Lancaster man pleads guilty to killing former high school football star

Lancaster man pleads guilty to killing former high school football star

LANCASTER COUNTY, S.C. — A Lancaster man will spend the next 20 years in prison after pleading guilty Monday morning to killing a former high school football star.

Jackel Clinton got into a fistfight with De'Mon Davis on Sanders Street in Fort Mill last September.

When he lost the fight, police said, he shot Davis in the back of the head ​as dozens of people watched.

Content Continues Below
<p><span style="font-size:10.0pt"><span style="font-family:&quot;Microsoft Sans Serif&quot;,sans-serif"><span style="color:black"><span class="wsc-spelling-problem" data-spelling-word="Jackel" data-wsc-lang="en_US">Jackel</span> Clinton</span></span></span></p>

Jackel Clinton

(Clinton in court Monday)

Channel 9's South Carolina bureau reporter Greg Suskin was in the courtroom and learned Davis wasn't even supposed to fight that day.

Another man planned to fight Clinton, but instead paid Davis to fight in his place.

Davis was a former football standout at South Pointe High School in Rock Hill.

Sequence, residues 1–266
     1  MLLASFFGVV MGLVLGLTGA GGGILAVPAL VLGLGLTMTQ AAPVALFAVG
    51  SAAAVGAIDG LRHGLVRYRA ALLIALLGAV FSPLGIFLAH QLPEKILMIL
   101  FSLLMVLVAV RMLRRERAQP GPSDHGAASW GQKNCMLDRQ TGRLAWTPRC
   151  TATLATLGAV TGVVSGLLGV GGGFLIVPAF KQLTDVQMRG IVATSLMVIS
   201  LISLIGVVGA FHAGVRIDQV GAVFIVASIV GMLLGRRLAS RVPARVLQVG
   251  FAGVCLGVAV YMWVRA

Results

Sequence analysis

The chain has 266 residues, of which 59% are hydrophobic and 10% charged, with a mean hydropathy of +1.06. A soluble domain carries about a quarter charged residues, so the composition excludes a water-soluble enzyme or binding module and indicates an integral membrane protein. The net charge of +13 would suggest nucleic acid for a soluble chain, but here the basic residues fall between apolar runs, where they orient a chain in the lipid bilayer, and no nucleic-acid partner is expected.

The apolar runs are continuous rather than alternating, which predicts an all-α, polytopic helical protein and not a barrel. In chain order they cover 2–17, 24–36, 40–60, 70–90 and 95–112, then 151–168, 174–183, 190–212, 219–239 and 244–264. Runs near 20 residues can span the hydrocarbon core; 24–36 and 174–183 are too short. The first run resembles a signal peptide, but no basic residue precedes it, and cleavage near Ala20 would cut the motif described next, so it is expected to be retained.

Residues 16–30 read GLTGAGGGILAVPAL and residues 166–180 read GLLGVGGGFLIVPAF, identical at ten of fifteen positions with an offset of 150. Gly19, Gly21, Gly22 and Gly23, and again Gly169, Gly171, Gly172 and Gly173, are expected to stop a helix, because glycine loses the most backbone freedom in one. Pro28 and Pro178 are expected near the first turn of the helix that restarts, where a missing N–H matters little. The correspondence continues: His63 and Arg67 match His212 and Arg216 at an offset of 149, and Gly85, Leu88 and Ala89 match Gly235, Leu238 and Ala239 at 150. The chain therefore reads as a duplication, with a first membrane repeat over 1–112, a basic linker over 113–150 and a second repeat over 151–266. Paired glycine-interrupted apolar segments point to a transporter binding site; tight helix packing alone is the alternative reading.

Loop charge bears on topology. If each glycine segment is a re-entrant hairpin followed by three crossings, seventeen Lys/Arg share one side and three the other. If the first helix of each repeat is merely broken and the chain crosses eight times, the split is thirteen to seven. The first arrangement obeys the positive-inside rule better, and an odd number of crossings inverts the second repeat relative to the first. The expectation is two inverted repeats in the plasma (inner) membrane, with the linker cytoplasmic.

"If we can just do something to get this violence to stop. Young black men killing each other. It's got to stop," Davis' mother said.

She plans to start a scholarship at South Pointe High in her son's name.

"So other kids coming in would know who he was, and what kind of person he was, and what he did for the school," she said.

Charlotte activist John C. Barnett was in court to support both families.

"There are two lives lost here. One physically, and one that's gonna be physically put inside a prison. All because of a few pennies," Barnett said.

Barnett believes the 20-year sentence is too long because of the circumstances but Davis' mother doesn't agree.

"He can get out and live a successful life, but you know I'll still be grieving," she said.

Clinton was charged with murder but pleaded guilty to voluntary manslaughter. He faced the possibility of spending 50 years in prison.

Suskin also learned Clinton saw his own mother shot and killed when he was a teenager.

After his sentencing, he asked if he could hug his 11-year-old sister before going to prison, but the judge didn't allow it because he was in custody.